Effects of postnatally administered inorganic lead on the tyrosine hydroxylase immunoreactive norepinephrinergic neurons of the locus ceruleus of the rat. (1/19)

The neurotoxic effects of inorganic lead are known to include peripheral neuropathy in adults and encephalopathy in children. The purpose of this study was to determine the effect of inorganic lead (PbCl2) administration on norepinephrinergic neurons of the locus ceruleus in neonatal rats by immunocytochemical and electron microscopic analyses. Lead chloride solutions, 0.05%, 0.1% and 0.2% in concentrations, were prepared in distilled water and administered orally via drinking water. After 4, 8, or 12 weeks of continuous administration, the rats were sacrificed and brains were immunostained with the tyrosine hydroxylase antibody. The number of immunoreactive cell bodies in the locus ceruleus was estimated. Densitometric analysis of immunoreactive profiles visualized by electron microscopy was performed using an image analyzer. The numbers of immunoreactive neurons in the locus ceruleus were increased statistically by lead administration. The intensity of the immunoreaction, both under the light and electron microscopes was also increased. Degenerative changes, including intra-axonal vacuole formation and widening of the extracellular spaces, were found by electron microscopy in and around the tyrosine hydroxylase immunoreactive axons. Increased tyrosine hydroxylase immunoreactivity may correlate with the hyper-reactivity of lead intoxicated children. Degenerative changes may account for the reported deficits in intellectual attainment and achievement in lead intoxicated children.  (+info)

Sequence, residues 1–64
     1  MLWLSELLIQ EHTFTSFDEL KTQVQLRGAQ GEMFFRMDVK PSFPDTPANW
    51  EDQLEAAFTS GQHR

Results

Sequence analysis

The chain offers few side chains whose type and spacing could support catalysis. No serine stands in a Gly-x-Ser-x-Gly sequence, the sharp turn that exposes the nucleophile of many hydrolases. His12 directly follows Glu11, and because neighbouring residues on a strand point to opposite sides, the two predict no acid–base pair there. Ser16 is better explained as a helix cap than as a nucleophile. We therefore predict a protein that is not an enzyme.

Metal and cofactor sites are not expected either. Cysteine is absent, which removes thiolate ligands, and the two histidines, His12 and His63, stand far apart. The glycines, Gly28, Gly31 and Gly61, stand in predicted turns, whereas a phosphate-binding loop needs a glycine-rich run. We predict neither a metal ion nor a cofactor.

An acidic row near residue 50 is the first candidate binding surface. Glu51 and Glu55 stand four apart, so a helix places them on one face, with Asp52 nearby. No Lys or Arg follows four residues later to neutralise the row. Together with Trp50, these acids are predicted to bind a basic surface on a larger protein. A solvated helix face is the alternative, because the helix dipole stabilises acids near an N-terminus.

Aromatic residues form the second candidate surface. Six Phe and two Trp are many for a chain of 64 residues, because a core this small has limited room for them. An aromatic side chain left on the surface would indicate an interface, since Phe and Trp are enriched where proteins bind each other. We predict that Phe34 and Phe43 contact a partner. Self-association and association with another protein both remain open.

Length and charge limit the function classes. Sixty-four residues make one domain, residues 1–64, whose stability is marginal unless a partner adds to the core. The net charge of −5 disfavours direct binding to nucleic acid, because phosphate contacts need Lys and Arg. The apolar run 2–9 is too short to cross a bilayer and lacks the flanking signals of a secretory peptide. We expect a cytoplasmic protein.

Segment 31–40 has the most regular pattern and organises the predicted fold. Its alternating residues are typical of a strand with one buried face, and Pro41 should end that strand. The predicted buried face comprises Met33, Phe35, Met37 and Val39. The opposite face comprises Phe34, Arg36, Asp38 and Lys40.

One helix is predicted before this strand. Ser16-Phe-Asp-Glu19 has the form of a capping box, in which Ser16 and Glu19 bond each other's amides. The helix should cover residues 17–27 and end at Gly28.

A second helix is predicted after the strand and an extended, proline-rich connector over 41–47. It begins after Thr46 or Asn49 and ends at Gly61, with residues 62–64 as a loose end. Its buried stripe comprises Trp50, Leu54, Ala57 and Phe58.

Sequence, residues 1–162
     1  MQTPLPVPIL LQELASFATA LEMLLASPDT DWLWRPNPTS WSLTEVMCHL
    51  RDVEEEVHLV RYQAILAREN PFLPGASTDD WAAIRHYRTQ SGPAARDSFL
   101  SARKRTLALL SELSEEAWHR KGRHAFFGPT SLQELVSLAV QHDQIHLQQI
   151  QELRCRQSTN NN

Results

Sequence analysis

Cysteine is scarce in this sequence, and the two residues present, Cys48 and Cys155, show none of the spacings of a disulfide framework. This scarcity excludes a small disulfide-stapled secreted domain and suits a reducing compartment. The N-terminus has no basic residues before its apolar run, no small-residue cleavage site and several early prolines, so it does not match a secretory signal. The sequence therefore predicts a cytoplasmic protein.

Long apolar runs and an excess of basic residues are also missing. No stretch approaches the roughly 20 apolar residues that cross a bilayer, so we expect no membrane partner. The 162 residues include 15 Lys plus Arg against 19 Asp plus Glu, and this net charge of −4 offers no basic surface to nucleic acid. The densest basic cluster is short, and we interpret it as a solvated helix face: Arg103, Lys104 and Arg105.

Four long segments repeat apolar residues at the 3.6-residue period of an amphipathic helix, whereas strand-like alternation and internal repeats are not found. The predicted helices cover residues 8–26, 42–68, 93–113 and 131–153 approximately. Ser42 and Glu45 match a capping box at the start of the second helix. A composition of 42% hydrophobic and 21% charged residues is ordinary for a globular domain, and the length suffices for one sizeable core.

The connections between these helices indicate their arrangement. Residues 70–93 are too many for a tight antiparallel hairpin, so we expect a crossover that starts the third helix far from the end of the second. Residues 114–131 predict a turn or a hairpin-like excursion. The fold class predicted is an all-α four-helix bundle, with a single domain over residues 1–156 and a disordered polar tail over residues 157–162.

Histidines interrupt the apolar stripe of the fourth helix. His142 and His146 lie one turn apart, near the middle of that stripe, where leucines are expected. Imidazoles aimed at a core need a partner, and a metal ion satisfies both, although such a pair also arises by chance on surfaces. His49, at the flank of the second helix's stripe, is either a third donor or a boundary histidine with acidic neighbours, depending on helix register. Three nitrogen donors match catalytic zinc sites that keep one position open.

Lead toxicity. (2/19)

Lead is one of the oldest known and most widely studied occupational and environmental toxins. Despite intensive study, there is still vigorous debate about the toxic effects of lead, both from low-level exposure in the general population owing to environmental pollution and historic use of lead in paint and plumbing and from exposure in the occupational setting. The majority of industries historically associated with high lead exposure have made dramatic advances in their control of occupational exposure. However, cases of unacceptably high exposure and even of frank lead poisoning are still seen, predominantly in the demolition and tank cleaning industries. Nevertheless, in most industries blood lead levels have declined below levels at which signs or symptoms are seen and the current focus of attention is on the subclinical effects of exposure. The significance of some of these effects for the overt health of the workers is often the subject of debate. Inevitably there is pressure to reduce lead exposure in the general population and in working environments, but any legislation must be based on a genuine scientific evaluation of the available evidence.  (+info)

Protective effects of Hippophae rhamnoides L. juice on lead-induced neurotoxicity in mice. (3/19)